Translated with the sanction of the author by William Purdie Dickson
Extent of Roman Mercantile Transactions - Coins and Moneys
The Roman mercantile transactions of this period fully kept pace with the contemporary development of political power, and were no less grand of their kind. Any one who wishes to have a clear idea of the activity of the traffic with other lands, needs only to look into the literature, more especially the comedies, of this period, in which the Phoenician merchant is brought on the stage speaking Phoenician, and the dialogue swarms with Greek and half Greek words and phrases.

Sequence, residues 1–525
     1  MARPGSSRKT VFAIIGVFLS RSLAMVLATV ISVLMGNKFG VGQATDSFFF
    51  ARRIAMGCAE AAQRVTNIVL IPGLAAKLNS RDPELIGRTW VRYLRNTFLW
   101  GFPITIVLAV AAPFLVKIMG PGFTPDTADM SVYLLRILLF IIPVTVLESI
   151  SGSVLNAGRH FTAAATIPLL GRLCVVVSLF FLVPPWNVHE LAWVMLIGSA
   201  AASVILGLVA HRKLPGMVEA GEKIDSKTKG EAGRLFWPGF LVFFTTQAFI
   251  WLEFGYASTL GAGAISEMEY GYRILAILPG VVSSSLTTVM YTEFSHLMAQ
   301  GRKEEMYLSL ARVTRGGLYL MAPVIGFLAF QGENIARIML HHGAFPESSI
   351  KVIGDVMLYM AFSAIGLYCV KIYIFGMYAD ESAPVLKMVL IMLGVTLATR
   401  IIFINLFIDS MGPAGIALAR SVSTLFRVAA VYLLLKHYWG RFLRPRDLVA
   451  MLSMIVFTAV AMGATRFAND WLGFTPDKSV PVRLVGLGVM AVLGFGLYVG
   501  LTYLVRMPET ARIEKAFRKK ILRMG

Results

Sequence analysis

But the extent and zealous prosecution of Roman business-dealings may be traced most distinctly by means of coins and monetary relations. The Roman denarius quite kept pace with the Roman legions. We have already mentioned(19) that the Sicilian mints--last of all that of Syracuse in 542--were closed or at any rate restricted to small money in consequence of the Roman conquest, and that in Sicily and Sardinia the -denarius- obtained legal circulation at least side by side with the older silver currency and probably very soon became the exclusive legal tender.
19. III. III. Property
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